To REGISTER for Forum events,please call the CUNY
Graduate Center's Office of Continuing Education and Public
Programming at 212-817-8215 or visit the CEPP
SEPTEMBER 9, 2002 - 6:30 to 8:30 p.m.
MIKE WALLACE offers some reflections
on the swirl of post-September 11 proposals for rebuilding
New York and some concrete suggestions-rooted in his take
on the city's history-for ways Gotham might push ahead into
the twenty-first century. Wallace will also discuss his forthcoming
book, A New Deal for New York City.
NOVEMBER 22, 2002 - 10 a.m. to 6 p.m.
This day-long conference will address
the original New Deal, its rollbacks and revivals in the second
half of the twentieth century, and its potential as a model
for the future. The conference will consists of four sessions.
THE OLD NEW DEAL will look at what the New Deal accomplished
in NYC and how it did so. NEW DEAL DOWNSIDES will examine the
limitations of the original New Deal, particularly in regard
to race and gender. THE SLOW PASSING OF THE NEW DEAL will focus
on attacks on and defenses of New Deal programs from the late-'40s
to the '90s. Finally, THE NEW NEW DEAL will speculate on the
degree to which a re-crafted New Deal could serve as an organizing
model for a new liberal comeback.
Participants will incude: THOMAS KESSNER, author, Fiorello
H. LaGuardia and the Making of Modern New York; FRANCES
FOX PIVEN, author, Why Americans Still Don't Vote; ALAN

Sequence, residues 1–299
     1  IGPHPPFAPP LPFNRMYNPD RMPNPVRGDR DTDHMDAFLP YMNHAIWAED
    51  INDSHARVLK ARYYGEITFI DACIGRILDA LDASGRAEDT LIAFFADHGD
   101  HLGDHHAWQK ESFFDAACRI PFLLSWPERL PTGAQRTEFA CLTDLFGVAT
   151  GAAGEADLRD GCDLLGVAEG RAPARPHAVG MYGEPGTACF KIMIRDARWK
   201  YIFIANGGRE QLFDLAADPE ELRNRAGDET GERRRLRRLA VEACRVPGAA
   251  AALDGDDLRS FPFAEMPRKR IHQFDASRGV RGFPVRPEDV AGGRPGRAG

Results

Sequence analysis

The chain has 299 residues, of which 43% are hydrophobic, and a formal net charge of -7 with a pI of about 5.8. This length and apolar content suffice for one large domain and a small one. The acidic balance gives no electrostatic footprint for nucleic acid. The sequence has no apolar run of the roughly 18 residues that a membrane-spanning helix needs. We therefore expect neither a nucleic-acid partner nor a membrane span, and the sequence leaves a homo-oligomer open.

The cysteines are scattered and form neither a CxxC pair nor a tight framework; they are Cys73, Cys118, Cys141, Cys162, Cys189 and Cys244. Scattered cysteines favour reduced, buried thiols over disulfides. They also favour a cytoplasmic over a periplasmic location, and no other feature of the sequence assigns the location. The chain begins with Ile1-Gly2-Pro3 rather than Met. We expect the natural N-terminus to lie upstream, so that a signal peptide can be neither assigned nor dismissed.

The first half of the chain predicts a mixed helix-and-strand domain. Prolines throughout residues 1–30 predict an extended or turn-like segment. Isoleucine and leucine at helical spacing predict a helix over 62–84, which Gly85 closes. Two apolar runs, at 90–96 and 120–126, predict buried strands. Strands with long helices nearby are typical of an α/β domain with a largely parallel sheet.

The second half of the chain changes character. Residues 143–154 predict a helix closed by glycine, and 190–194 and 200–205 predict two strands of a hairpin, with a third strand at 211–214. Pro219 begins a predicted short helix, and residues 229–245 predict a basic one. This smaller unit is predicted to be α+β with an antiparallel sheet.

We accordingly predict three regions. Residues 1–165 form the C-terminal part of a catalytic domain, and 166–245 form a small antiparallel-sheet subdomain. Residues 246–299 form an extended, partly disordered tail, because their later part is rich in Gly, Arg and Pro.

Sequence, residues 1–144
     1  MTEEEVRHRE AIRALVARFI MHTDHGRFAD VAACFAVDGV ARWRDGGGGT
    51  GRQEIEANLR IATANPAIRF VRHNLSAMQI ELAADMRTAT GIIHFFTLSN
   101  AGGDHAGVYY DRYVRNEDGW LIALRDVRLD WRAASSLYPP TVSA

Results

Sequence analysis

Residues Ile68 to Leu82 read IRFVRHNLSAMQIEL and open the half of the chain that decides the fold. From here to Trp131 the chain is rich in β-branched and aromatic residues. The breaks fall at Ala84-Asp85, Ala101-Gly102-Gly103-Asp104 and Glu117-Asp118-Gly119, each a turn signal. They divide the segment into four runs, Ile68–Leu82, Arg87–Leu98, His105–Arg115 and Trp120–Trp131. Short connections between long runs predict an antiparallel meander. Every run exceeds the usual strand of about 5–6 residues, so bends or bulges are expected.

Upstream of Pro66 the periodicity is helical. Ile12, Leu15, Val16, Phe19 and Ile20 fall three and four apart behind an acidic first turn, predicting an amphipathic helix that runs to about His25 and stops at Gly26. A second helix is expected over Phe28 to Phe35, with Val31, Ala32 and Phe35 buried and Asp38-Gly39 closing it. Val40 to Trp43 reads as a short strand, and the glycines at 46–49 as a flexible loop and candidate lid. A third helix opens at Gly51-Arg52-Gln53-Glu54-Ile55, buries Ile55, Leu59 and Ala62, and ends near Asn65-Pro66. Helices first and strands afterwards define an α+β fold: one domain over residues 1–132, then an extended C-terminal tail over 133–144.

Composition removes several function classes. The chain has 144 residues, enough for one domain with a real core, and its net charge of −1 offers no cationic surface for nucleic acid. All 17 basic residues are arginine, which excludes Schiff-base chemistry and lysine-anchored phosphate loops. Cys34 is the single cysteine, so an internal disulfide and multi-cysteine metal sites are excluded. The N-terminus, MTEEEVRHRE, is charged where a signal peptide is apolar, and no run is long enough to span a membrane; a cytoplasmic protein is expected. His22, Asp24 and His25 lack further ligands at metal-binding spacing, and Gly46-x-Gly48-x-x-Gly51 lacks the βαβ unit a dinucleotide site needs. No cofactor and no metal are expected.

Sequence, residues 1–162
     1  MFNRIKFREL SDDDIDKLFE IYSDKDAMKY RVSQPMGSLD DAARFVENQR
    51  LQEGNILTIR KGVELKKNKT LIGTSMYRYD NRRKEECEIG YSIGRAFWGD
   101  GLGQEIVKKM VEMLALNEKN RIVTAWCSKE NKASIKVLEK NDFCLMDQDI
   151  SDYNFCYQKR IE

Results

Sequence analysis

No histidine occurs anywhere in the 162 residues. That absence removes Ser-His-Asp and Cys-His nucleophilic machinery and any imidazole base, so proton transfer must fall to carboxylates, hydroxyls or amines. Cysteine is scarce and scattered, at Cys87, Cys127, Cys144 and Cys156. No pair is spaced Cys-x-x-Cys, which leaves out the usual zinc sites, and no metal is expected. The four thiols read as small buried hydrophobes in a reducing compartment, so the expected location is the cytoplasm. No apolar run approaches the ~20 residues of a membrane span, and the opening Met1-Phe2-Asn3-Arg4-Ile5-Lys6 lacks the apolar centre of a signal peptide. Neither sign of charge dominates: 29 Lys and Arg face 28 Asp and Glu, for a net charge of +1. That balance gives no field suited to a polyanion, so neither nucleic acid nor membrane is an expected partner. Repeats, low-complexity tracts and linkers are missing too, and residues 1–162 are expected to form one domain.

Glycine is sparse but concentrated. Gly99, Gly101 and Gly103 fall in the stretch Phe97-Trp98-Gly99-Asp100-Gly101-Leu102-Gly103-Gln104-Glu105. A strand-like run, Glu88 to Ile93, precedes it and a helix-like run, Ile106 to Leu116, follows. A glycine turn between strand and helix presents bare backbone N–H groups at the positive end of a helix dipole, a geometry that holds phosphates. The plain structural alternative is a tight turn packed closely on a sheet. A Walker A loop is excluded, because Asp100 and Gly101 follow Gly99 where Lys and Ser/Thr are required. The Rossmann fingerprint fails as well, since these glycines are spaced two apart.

BRINKLEY, author, The End of Reform: New Deal Liberalism
in Recession and War; JOSHUA B. FREEMAN, author, Working
Class New York: Life and Labor Since World War II; JOHN
MOLLENKOPF, author, Rethinking the Urban Agenda: Reinvigorating
the Liberal Tradition in New York City and Urban America;
DECEMBER 5, 2002 - 6:30 to 8:30 p.m.
Co-sponsored with GREENWICH HOUSE
FROM THIS EVENT
This forum will examine the past, present and future of the
settlement house movement in New York City. Historians and settlement
workers will talk about the emergence of the movement during
the Progressive Era, the role of the settlement during historical
cycles of conservatism and, more recently, the difficulties
of sustaining the core practices of collaboration, community
building and social action in our contemporary conservative
Participants will include: JANICE MACGUIRE, Director, Hudson
Guild; JUDITH TROLANDER, Professor, History, University of Minnesota,
Duluth; ROBERT FISHER, Director, Urban Studies and Professor,
Social Work, University of Connecticut; MICHAEL B. FABRICANT,
Professor, Hunter College School of Social Work; DANIEL KRONENFELD,
Executive Director, Henry Street Settlement; NANCY WAXSTEIN,
Director, United Neighborhood Houses.